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How has the Fukushima disaster changed Japan? Former PM Naoto Kan talks to DW about the influence of the nuclear industry lobby while criticizing the current government for its push to restart the idled nuclear reactors.
On March 11, 2011, a magnitude-9 earthquake and tsunami struck northeastern Japan, causing massive devastation and ultimately sending three reactors at the Fukushima Daiichi nuclear plant into meltdown. It was the worst atomic accident in a generation. Hundreds of thousands of people were evacuated around the plant amid fears of rising radiation, with about 120,000 people still unable to return to their homes four years later.
The man in charge of running the country at the time was Naoto Kan. The DPJ politician, who served as PM between June 2010 and September 2011, was confronted with the challenge of tackling the threefold disaster. Despite being heavily involved in efforts to respond to the crisis and adopting a hands-on approach, Kan faced widespread criticism over his handling of the situation.
In the aftermath of the incident, Kan turned his back on nuclear power and became a staunch proponent of renewable energy. He has also been at the forefront of efforts to cut Japan's reliance on nuclear power, which accounted for around 30 percent of the country's electricity needs prior to the disaster.
Although all of the country's 48 nuclear reactors have remained offline since the Fukushima meltdown, atomic energy in the world's third largest economy is set for a revival. Prime Minister Shinzo Abe's government has long been pushing to bring some of the country's reactors back online, arguing they are crucial to economic growth and could reduce the nation's dependence on imported fossil fuels as well as contribute to slashing greenhouse gas emissions.
However, public opposition to nuclear energy remains steadfast, as the disaster continues to loom in the Japanese psyche and many harbor safety concerns in the earthquake-prone country.
In an exclusive DW interview, Naoto Kan talks about his views on government plans to restart nuclear reactors, what Japan can learn from Germany's nuclear phase-out, and why Japan has no choice but to invest in alternative sources of energy.
DW: Four years on, what lessons should Japan learn from this disaster and have any of them been realized?
Naoto Kan: Unfortunately, I have the impression that neither the Japanese public nor the experts have learned the right lessons from the disaster. If the accident had been a bit more severe, we would have had to evacuate people within a radius of 250 kilometers for a long period of time. It would have also affected the Tokyo area, and thus an estimated 50 million people. Such colossal damage usually occurs only after a crushing defeat in war.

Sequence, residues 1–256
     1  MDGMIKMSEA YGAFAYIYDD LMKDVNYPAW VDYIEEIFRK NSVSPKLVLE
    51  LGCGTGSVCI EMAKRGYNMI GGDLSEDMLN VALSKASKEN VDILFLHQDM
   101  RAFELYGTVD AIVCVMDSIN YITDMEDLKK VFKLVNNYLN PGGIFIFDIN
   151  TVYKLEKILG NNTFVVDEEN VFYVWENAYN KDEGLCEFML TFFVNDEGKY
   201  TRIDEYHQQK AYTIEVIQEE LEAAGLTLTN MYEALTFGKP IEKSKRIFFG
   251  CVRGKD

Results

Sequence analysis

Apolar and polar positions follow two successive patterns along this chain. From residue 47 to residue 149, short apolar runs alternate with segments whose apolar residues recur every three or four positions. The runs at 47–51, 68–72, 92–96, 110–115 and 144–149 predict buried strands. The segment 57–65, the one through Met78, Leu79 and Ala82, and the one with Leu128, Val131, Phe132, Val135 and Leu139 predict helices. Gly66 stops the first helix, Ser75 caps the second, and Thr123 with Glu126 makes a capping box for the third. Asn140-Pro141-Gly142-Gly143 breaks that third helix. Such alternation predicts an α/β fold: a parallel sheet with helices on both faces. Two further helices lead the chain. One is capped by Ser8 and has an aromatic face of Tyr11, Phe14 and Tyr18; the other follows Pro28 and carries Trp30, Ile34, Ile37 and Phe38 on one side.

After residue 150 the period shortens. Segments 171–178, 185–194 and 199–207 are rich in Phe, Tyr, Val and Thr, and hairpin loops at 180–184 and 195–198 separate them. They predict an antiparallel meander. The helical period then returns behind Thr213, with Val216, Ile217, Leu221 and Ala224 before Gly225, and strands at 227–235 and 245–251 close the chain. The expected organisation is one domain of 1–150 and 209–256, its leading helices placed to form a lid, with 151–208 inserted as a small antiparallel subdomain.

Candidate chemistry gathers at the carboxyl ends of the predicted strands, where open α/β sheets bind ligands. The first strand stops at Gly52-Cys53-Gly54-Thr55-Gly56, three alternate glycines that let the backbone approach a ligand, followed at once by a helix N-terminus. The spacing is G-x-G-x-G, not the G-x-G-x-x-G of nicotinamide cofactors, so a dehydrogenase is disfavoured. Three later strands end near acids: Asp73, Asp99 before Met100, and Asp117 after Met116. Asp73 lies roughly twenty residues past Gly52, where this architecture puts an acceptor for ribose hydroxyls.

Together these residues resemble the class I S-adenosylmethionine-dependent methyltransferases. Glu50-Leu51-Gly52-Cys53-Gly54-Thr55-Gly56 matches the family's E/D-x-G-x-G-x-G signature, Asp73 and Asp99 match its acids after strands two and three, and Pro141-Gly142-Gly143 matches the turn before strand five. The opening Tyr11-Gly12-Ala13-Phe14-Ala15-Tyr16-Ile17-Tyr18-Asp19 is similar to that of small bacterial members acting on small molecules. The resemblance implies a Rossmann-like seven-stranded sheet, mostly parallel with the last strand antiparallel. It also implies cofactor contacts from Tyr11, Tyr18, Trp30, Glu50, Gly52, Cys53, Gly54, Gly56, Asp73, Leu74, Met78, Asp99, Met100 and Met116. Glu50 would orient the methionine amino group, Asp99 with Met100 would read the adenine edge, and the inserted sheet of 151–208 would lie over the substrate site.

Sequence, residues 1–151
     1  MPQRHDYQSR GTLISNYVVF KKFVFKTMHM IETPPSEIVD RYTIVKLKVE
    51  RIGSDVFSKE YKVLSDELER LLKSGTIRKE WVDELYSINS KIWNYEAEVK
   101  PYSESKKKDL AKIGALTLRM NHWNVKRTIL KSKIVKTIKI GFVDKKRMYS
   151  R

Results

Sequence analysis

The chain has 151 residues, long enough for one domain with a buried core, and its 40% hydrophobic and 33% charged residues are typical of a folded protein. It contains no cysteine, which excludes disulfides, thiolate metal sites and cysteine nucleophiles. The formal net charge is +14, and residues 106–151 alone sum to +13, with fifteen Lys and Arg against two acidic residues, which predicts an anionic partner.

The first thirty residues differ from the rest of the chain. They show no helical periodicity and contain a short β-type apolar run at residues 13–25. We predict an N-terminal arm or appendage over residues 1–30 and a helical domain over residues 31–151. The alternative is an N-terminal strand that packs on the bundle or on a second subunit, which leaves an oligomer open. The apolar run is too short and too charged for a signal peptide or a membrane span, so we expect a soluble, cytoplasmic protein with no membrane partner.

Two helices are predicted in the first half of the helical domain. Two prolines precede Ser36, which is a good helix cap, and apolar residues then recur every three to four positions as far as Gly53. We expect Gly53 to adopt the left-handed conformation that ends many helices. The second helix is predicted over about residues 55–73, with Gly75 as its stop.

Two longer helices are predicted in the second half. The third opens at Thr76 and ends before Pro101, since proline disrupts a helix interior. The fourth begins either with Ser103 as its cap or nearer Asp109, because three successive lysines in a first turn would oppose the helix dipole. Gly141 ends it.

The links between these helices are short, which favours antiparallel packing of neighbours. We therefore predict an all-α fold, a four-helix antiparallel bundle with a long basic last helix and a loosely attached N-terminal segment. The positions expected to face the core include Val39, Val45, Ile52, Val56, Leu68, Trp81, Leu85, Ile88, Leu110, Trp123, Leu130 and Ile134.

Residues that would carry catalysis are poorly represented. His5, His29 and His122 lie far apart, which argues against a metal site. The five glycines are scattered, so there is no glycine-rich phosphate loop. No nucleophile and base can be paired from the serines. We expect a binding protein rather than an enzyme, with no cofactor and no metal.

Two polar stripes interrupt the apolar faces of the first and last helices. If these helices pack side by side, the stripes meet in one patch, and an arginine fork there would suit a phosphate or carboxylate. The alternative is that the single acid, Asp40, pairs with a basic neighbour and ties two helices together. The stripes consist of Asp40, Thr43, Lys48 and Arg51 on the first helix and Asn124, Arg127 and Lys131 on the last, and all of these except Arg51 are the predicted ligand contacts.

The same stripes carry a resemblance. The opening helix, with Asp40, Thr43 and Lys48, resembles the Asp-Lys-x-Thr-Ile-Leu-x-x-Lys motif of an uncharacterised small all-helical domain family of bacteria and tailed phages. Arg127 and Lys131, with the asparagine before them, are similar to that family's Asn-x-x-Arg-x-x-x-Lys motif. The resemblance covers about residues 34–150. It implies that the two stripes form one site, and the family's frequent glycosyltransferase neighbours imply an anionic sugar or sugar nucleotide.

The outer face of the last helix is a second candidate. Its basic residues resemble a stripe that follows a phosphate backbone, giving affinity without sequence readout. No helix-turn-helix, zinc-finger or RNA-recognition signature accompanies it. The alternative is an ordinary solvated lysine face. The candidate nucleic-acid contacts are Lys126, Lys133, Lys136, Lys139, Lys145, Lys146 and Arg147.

But many Japanese people and experts are closing their eyes to this enormous risk. They either do not want to think about it or prefer to forget about the accident as soon as possible. This is the prevailing general mood in the country.
How has the Fukushima crisis changed your view of nuclear energy and the risks involved, especially in such an earthquake-prone country?
Before the disaster, I believed that no serious nuclear accident could take place in Japan as our technology was very advanced and we just had to handle it with care. But despite our state-of-art technology, Fukushima witnessed a nuclear meltdown, and more than 200,000 people had to be evacuated.
If the extent of the accident had been slightly larger, then Japan would have been thrown into chaos for 20 to 30 years. The accident radically changed my perspective. I now consider nuclear energy to be the most dangerous form of energy, and the risks associated with it are too great for us to continue generating atomic power.
I have been trying to spread this view as much as possible both at home and abroad. Given that Japan finds itself in an earthquake-prone zone, the risks are much higher here than in other countries. If high tension power lines collapse, it could cut power supply to nuclear reactors. Similarly, it would be difficult to find a suitable location for nuclear waste storage and disposal in the country.
What is your view on the Shinzo Abe-led government's plans to restart nuclear plants?
I am against restarting Japan's nuclear reactors. On the one hand, the exact causes of the nuclear meltdown in Fukushima and its far-reaching implications have not been well understood. On the other hand, the resumption of nuclear energy increases the danger of another accident in the country.
Is there currently a real alternative to the use of nuclear energy in Japan?
'Japan can produce as much electricity with renewable sources as it had generated with nuclear power plants prior to the Fukushima incident'
At present, no nuclear energy is being produced in Japan, but we are still generating enough power to meet our needs. Although we are currently relying on oil and natural gas for electricity generation, a shift to renewable energy sources such as solar and wind could happen in the long run.